Terms are not difficult to teach. The question, really, is will you take the time to make the things you teach relevant to students? The terms I teach are present in students’ lives every day. But, most people try to teach them strictly by using textbooks, worksheets, or the literature. I teach them using life and then it’s much easier for students to connect them to what they are reading.

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In all, Ms Cross developed a four-panel (three-page) bookmark that included literary terms (antagonist, setting), aesthetic criticism terms (simile, metaphor), social criticism terms (hegemony, exploitation), active reading guidelines (directions for highlighting and using post-it notes) reader’s checklist (student’s pacing guide for reading), and self-evaluation (student’s reflection on his/her growth as a reader). The bookmark worked for most of her students. All her students, even those who struggled mightily, left the class stronger as readers and writers, and well prepared for tenth-grade English. This was not the case in the majority of other ninth-grade English classes around the city. Still, each year Ms Cross modified the bookmark and the literary circles based on student feedback, self-critique, and feedback from colleagues. Pillar No. 4: Socratic sensibility Socrates is often credited with having said that the wise person knows that he/she knows nothing. What he meant, of course, is that the wise person recognizes that he/ she always has more to learn. Cornel West (2001) has argued for the development of this lifelong commitment to learning through the development of what he calls a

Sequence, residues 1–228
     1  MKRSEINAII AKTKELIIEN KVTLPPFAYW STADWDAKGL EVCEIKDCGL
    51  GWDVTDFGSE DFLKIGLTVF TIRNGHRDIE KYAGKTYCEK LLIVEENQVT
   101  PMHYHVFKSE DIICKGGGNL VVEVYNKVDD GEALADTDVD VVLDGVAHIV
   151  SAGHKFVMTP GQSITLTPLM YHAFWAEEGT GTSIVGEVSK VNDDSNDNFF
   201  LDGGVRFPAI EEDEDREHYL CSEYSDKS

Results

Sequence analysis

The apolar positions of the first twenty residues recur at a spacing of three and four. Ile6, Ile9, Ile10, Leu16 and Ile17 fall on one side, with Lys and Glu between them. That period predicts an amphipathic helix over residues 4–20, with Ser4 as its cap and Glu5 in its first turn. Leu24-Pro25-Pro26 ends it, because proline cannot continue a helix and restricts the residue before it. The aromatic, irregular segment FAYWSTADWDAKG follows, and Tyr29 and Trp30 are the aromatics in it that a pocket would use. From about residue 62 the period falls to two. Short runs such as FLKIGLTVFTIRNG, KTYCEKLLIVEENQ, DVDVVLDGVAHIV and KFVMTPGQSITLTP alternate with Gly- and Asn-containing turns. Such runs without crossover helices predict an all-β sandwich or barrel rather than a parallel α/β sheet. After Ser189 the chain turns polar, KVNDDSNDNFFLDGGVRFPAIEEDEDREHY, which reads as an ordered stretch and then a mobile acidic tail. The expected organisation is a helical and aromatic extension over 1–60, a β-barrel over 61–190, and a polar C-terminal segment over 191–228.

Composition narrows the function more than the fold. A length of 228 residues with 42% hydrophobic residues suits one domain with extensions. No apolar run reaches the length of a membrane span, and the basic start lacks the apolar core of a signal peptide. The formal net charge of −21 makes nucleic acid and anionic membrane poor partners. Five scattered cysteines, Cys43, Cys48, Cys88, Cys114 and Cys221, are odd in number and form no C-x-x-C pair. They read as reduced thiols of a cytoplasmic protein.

632 J. Duncan-Andrade ‘Socratic sensibility’. West describes the person with this sensibility as someone that understands both Socrates’ statement that ‘the unexamined life is not worth living’ (Plato, 1966, p. 38a) and Malcolm X’s statement that the ‘examined life is painful’ (West, 2001). The teachers in this study lived out this Socratic sensibility by striking a delicate balance between confidence in their ability as teachers and frequent self-critique. As with Ms Cross and her bookmark, these teachers were constantly reflecting on their daily practice and their relationships with students in an effort to get a little bit better each day. To aid in this process, they encouraged all types of visitors (parents, teachers, future teachers, and university professors) to their classrooms. They were particularly open to those that were willing to give them critical feedback about their practice. However, it is important to note that this self-critique did not come across as self-doubt. As Mr Veracruz put it, ‘most of the criticisms I get from observers in my class are critiques I have already made of myself. So, I welcome that reminder that although I’m good at what I do, I need to get better. That is what keeps me on top of my game.’ This self-analysis came about, in large part, due to their Socratic sensibility. They understood the challenge implicit in Socrates’ advice that ‘all great undertakings are risky, and, as they say, what is worth while is always difficult’ (Plato, 2003, p. 220). They also understood that to truly embrace the great challenges of teaching in urban schools they had to face the painful part of the examined life to which Malcolm X refers. That is, they understood their duty to connect their pedagogy to the harsh realities of poor, urban communities. An email to me from Ms Truth reveals the great undertaking required of educators who aim to respond to the reality of the conditions of urban life, and the pain that sometimes accompanies self-reflection on that response. She wrote: